Wright State alumna publishes thriller romance novel

Lara Donnelly graduated from Wright State in 2012 with a degree in English.

With glamour and historical cultural events, Wright State alumna Lara Donnelly has crafted a thrilling spy adventure with characters competing against old-fashioned expectations within an anachronistic and fantasy genre.

“I had an idea for a scene while on a road trip in Ireland,” said Donnelly. “That scene began to mesh with my love of theater and performance, and over the next couple of years I patched together a story that brought a lot of disparate passions together: swing dance, Cabaret, theater, travel, espionage, fashion; there’s a lot that went into this book.”

Donnelly’s debut novel, “Amberlough,” was published by Tor in February. Donnelly plans to write two sequels to “Amberlough” for Tor.

In the book, she challenges readers’ views of the past and how stereotypes are often created in doing so.

“’Amberlough” “draws heavily on the culture and climate of Berlin in the early 1930s, with some interbellum England and a little bit of F. Scott Fitzgerald’s Paris and New York City thrown in,” Donnelly said in an article for the Tor/Forge blog. “I made my novel a playground where I could put characters in impeccable evening dress without rules for who wears a gown and who wears tails, where the color of a character’s skin doesn’t imply the conclusions we might jump to because this history is not ours.”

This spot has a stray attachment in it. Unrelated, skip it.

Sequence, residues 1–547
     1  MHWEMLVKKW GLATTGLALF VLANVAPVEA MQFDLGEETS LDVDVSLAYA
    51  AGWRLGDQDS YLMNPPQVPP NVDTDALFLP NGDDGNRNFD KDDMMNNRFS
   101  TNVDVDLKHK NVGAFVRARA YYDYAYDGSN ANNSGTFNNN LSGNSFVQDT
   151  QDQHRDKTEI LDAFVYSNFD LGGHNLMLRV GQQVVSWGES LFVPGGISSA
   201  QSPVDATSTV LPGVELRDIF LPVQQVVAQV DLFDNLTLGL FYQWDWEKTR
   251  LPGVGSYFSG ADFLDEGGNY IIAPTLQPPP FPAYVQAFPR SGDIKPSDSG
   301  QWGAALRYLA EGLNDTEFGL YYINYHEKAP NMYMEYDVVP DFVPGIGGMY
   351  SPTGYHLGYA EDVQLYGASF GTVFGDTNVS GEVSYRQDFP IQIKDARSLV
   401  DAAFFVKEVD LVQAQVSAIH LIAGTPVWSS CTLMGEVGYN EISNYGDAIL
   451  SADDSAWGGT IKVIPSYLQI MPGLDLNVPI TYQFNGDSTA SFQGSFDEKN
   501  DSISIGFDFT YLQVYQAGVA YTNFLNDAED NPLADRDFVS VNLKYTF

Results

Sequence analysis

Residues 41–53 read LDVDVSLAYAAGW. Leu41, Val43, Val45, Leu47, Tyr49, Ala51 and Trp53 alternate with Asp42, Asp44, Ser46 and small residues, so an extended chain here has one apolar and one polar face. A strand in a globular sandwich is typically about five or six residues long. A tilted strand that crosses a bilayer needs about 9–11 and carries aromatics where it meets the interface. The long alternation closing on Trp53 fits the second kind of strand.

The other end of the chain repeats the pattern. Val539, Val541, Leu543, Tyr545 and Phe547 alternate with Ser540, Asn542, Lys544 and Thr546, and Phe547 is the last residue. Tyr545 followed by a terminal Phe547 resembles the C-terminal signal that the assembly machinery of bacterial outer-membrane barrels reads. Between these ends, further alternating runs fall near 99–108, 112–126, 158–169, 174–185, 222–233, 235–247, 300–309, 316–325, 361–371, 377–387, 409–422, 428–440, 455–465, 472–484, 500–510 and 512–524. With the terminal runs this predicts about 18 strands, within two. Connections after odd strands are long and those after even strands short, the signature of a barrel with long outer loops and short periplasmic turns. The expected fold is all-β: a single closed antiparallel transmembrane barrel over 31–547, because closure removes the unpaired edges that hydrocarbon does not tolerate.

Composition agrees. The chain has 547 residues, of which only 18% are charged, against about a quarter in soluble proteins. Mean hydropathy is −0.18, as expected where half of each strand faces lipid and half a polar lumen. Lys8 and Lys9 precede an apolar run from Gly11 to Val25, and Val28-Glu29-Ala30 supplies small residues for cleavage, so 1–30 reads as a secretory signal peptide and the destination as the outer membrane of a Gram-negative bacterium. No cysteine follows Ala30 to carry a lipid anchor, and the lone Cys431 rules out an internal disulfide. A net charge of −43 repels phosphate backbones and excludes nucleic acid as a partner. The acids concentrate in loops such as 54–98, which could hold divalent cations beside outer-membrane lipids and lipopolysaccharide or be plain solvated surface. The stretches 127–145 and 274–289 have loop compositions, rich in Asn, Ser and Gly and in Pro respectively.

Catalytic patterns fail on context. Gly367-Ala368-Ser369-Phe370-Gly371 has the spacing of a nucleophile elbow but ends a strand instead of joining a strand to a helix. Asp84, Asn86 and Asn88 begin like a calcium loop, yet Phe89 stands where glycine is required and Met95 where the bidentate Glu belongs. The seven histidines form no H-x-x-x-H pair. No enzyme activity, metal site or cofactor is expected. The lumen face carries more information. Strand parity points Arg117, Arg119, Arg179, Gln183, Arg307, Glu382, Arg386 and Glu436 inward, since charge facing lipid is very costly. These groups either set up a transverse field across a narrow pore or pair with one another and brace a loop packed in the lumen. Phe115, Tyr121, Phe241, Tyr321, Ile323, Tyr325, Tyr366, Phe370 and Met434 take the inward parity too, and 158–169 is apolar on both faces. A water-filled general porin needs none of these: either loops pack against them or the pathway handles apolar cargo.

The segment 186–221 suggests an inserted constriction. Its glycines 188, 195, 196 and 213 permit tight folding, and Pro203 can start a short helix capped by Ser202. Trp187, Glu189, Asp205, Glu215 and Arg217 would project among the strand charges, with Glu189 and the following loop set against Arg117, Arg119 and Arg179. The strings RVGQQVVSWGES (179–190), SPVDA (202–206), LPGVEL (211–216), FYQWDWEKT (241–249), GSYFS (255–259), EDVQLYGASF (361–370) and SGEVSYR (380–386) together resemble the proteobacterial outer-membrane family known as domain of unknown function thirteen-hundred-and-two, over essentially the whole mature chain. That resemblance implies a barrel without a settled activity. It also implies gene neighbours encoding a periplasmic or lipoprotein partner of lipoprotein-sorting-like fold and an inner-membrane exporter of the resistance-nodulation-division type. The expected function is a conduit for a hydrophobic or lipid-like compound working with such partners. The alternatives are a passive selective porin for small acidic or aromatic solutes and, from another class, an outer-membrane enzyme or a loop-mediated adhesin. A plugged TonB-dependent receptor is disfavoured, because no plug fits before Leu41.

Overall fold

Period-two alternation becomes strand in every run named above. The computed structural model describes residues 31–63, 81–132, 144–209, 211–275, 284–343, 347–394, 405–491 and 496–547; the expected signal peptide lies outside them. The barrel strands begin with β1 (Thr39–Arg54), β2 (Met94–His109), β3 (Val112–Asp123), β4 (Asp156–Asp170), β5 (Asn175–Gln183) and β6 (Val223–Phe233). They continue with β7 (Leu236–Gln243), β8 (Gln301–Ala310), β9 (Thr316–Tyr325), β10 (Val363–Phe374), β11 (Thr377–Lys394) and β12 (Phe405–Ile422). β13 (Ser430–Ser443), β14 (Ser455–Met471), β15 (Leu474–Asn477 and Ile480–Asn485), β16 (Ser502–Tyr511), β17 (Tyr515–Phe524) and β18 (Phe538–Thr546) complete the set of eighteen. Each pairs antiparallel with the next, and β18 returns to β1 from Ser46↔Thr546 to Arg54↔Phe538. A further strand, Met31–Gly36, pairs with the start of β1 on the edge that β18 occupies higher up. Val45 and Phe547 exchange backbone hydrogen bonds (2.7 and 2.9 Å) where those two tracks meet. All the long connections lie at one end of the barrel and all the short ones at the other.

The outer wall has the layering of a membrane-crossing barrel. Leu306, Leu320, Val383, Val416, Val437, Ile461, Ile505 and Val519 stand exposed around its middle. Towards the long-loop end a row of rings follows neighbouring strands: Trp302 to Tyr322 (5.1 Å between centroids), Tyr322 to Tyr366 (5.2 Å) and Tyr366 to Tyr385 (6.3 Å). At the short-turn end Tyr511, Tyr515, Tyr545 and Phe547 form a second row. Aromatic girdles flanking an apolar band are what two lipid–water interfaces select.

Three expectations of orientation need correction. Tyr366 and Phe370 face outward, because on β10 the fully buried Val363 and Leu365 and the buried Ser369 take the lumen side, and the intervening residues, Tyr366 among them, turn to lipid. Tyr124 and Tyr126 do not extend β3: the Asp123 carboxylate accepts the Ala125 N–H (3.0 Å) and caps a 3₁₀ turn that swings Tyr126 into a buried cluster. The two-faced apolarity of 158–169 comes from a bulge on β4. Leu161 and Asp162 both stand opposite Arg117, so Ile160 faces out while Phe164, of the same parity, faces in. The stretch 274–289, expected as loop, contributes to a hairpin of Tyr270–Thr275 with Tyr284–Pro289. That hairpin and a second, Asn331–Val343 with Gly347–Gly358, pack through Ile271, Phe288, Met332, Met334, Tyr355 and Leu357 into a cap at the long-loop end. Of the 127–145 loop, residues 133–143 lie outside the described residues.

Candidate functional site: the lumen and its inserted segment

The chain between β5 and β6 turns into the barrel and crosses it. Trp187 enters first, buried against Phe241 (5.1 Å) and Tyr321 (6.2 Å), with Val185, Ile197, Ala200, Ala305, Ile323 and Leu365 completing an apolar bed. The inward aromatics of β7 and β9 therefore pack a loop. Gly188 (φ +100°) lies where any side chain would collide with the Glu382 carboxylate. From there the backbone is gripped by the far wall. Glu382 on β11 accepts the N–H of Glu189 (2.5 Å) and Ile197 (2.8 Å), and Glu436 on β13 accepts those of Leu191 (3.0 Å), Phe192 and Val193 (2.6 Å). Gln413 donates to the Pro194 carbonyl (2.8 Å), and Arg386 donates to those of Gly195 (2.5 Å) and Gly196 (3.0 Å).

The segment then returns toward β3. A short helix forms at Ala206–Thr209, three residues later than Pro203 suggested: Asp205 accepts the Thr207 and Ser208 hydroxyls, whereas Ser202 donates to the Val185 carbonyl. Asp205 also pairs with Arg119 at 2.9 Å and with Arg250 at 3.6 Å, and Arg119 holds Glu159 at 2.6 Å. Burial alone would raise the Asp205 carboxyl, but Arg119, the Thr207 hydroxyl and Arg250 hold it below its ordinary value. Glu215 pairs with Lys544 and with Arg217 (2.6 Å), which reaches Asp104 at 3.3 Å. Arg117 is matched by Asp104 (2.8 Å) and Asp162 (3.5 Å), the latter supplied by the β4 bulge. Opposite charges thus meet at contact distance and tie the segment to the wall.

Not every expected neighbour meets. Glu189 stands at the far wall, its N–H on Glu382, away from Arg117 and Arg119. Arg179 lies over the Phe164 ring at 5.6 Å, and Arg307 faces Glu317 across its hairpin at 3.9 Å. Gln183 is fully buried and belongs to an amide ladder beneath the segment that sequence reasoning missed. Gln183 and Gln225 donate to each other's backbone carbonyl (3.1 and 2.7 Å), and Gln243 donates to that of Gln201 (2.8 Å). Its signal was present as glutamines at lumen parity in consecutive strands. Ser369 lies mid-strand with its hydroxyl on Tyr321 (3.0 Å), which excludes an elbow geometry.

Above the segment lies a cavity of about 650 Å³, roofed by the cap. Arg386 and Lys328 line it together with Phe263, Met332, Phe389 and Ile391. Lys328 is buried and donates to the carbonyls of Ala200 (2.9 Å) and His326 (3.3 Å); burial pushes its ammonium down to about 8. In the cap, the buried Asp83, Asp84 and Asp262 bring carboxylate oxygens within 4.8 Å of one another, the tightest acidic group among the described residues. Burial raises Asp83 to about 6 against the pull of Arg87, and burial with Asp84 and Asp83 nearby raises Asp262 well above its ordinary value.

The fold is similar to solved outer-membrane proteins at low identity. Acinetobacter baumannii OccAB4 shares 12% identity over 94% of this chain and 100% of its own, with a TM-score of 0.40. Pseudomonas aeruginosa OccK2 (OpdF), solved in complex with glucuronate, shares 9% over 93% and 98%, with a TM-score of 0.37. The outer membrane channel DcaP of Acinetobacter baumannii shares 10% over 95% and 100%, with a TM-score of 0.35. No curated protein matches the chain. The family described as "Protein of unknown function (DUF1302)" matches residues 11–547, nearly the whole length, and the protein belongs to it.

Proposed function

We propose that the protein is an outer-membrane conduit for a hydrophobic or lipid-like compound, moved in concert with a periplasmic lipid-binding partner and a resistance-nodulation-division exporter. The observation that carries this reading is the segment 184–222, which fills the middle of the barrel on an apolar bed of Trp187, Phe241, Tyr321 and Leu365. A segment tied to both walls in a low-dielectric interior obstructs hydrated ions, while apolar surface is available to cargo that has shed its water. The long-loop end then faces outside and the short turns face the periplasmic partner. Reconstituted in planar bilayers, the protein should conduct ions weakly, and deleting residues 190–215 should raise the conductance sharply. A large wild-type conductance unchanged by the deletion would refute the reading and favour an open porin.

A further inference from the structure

Donnelly graduated from Wright State in 2012 with a bachelor’s degree in English, with a concentration in creative writing, and a minor in women’s studies.

Her passion for storytelling further blossomed after attending the Alpha Science Fiction, Fantasy and Horror Workshop for Young Writers, when she chose to further her interest in writing instead of attending art school.

Donnelly grew up in Yellow Springs, where she was active in theater and the arts, elements that dip into her novel. She hopes readers will connect with a character from her book and are entertained with a rich story.

“As a reader, I love to read stories about experiences that are new to me,” she said. “Homogeneity is boring at best and in the worst case, it’s dangerous. The greatest power of story, I think, is to inspire empathy.”

For more information about Donnelly and “Amberlough” visit laradonnelly.com.

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